Find out more about Forex trading and test yourself with IG Academy's range of online courses.
You might be interested in...
Glossary of trading terms.
Take a look at our list of financial terms that can help you understand trading and the markets.
Risk management.
Be aware of the risks associated with Forex trading and understand how IG supports you in managing them.
Trading platforms.
Discover the different platforms that you can trade Forex with IG.
Markets.
CFD trading.
Trading platforms.
IG analysis.
Contact us.
Follow us online:
CFDs are complex instruments and come with a high risk of losing money rapidly due to leverage. 75% of retail investor accounts lose money when trading CFDs with this provider. You should consider whether you understand how CFDs work, and whether you can afford to take the high risk of losing your money. Professional clients can lose more than they deposit. All trading involves risk.
IG is a trading name of IG Markets Ltd and IG Markets South Africa Limited. International accounts are offered by IG Markets Limited in the UK (FCA Number 195355), a juristic representative of IG Markets South Africa Limited (FSP No 41393). South African residents are required to obtain the necessary tax clearance certificates in line with their foreign investment allowance.
IG provides execution only services and enters into principal to principal transactions with its clients on IG's prices. Such trades are not on exchange. Whilst IG is a regulated FSP, CFDs issued by IG are not regulated by the FAIS Act as they are undertaken on a principal-to-principal basis.
The information on this site is not directed at residents of the United States or Belgium or any particular country outside South Africa and is not intended for distribution to, or use by, any person in any country or jurisdiction where such distribution or use would be contrary to local law or regulation.
Voted SA's top CFD provider in Business Day Investors Monthly Annual Stockbroker Awards in 2012 and 2013, best platform for Active Day Traders in 2013 and 2014 and SA's best Online Broker in 2015 and 2017.

admin

Forex Day Trading in Russia 2019 - Tutorial and Brokers.
Forex trading is a huge market. Billions are traded in foreign exchange on a daily basis. Whether you are an experienced trader or an absolute beginner, finding the best Forex broker and a profitable Forex day trading strategy or system is complex. So learn the fundamentals before choosing the best path for you .
With this introduction, you will learn the general Forex trading tips and strategies applicable to currency trading. It will also highlight potential pitfalls and useful indicators to ensure you know the facts. Lastly, use the trusted broker list to compare the best Forex platforms for day trading in Russia 2019.
Read on to discover the A-Z of Forex, how to start trading, and how to judge the best platform...
Top 3 Forex Brokers in Russia.
Why Trade Forex?
The Forex market offers the day trader the ability to speculate on movements in foreign exchange markets and particular economies or regions . Furthermore, with no central market, Forex offers trading opportunities around the clock.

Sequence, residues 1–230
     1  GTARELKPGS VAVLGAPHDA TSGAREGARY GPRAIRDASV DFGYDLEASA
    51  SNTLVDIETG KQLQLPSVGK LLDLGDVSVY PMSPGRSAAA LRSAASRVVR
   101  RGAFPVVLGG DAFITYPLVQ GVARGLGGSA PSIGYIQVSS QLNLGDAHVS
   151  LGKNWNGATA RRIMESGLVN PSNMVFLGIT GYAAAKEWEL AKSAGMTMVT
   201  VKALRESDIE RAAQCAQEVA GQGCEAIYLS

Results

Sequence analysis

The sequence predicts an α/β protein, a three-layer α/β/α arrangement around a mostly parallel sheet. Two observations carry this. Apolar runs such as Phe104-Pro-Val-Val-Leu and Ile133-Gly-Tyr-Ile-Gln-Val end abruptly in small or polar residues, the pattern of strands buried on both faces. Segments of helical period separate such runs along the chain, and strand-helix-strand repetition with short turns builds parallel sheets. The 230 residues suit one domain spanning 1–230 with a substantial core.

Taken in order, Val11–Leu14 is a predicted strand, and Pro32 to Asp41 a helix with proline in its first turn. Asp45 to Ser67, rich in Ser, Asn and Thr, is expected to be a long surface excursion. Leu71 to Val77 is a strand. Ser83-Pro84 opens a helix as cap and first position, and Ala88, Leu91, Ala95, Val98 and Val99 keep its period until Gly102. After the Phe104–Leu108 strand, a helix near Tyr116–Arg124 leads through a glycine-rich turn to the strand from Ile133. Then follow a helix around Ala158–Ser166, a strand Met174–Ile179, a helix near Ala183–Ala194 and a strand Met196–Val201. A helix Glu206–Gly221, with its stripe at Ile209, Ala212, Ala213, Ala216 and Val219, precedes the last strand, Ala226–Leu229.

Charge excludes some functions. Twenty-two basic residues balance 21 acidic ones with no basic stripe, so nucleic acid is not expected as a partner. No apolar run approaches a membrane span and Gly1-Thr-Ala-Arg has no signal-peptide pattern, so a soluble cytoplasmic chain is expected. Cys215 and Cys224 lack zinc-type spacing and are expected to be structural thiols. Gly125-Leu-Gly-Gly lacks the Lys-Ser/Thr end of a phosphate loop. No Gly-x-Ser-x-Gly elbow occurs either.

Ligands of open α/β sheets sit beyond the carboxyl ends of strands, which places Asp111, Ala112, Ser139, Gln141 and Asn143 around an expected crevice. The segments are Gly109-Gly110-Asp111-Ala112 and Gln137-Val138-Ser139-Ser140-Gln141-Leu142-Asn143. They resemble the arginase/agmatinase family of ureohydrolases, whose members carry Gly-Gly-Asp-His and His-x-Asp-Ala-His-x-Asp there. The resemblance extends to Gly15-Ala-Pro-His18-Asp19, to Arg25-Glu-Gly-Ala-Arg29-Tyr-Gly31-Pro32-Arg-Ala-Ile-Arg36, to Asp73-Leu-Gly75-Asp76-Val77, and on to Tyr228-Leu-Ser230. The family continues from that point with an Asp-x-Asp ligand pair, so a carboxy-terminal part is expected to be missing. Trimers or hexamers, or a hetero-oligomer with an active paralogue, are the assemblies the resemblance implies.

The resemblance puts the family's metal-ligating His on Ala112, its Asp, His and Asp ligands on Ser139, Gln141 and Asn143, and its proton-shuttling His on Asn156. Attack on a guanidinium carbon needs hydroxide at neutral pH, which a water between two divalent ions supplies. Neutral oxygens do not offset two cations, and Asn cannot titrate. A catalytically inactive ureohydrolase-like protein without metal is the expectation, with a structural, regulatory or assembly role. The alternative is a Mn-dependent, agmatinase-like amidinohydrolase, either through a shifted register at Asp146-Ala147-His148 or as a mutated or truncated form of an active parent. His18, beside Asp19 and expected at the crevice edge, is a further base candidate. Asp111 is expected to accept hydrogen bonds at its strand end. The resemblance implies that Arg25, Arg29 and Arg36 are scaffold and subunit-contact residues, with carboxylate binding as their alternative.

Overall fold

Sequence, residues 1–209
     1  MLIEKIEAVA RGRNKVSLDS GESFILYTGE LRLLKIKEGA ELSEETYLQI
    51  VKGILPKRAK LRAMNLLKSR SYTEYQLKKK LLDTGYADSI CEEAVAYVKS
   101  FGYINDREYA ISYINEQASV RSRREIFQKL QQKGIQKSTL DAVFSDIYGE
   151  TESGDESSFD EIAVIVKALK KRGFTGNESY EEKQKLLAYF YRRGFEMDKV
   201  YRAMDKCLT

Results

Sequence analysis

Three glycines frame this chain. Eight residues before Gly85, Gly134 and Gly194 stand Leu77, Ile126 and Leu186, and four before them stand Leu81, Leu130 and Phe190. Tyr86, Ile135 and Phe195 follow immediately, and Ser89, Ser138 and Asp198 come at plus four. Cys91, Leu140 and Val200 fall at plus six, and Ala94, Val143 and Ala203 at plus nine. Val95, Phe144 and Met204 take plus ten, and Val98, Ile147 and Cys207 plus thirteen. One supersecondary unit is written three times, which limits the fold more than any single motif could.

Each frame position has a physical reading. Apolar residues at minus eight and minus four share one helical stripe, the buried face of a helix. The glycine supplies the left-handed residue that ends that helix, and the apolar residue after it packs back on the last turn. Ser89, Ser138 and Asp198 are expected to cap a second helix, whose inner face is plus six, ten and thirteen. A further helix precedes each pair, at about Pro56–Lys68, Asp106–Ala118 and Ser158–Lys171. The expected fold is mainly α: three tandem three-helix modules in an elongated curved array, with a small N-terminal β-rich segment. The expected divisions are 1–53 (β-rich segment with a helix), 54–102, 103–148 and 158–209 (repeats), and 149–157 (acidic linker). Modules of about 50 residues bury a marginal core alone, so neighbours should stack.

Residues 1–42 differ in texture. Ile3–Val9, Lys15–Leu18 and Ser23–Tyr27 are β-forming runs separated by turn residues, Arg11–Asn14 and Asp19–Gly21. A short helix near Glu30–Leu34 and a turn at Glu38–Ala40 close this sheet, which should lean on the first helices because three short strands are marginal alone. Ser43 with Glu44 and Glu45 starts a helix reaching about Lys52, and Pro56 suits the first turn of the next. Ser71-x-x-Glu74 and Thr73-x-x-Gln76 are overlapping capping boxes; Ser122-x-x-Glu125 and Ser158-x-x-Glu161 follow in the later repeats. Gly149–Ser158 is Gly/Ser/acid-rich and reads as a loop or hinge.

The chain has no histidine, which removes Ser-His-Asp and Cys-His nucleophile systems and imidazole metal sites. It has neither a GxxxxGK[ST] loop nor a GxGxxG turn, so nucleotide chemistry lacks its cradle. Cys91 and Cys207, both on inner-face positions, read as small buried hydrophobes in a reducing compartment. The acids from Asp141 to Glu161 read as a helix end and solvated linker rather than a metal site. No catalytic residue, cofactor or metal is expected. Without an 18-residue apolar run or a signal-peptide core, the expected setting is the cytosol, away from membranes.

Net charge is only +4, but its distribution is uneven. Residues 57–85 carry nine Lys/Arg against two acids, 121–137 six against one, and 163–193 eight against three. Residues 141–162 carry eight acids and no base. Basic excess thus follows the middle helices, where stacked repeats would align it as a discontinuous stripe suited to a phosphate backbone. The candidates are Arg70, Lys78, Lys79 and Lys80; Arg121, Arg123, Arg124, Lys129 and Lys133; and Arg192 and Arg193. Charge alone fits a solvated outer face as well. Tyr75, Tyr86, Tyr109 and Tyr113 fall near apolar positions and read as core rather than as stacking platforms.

Liquidity - In the Forex market there is an average volume of over $3.2 trillion dollars traded per day. So, there is an abundance of trades and moves you can make. Diversity - Firstly, you have the pairs stemming from the eight major global currencies. On top of that, many regional currency pairings are also available for trade. More options, more opportunities to turn a profit. Accessibility - The Forex market is readily accessible, open twenty-four hours a day, five days a week. As a result, you decide when to trade and how to trade. Leverage - A significant amount of Forex currency pairings are traded on margin. This is because leverage can be used to help you both buy and sell large quantities of currency. The greater the quantity, the greater the potential profit - or loss. Low commissions - Forex offer relatively low costs and fees compared to other markets. In fact, some firms don't charge any commission at all, you pay just the bid/ask spreads. True ECN firms may also offer 0 spread!
Currencies Traded In Forex.
Major.
In the international Forex day trading world, the vast majority of people focus on the seven most liquid currency pairs on earth, which are firstly the four 'majors':
EUR/USD (euro/dollar) USD/JPY (dollar/Japanese yen) GBP/USD (British pound/dollar) USD/CHF (dollar/Swiss franc)
In addition, there are three emerging pairs:
AUD/USD (Australian dollar/dollar) USD/CAD (dollar/Canadian dollar) NZD/USD (New Zealand dollar/dollar)
These currency pairs, in addition to a variety of other combinations, account for over 95% of all speculative trading in the Forex market. However, you will probably have noticed the US dollar is prevalent in the major currency pairings. This is because it's the world's leading reserve currency, playing a part in approximately 88% of currency trades.
Minor.
If a currency pairing doesn't include the US dollar, it's known as a 'minor currency pair' or a 'cross-currency pair'. Hence the most popularly traded minor currency pairs include the British pound, Euro, or Japanese yen, such as:
EUR/GBP (euro/British pound) EUR/AUD (euro/Australian dollar) GBP/JPY (British pound/Japanese yen) CHF/JPY (Swiss franc/Japanese yen)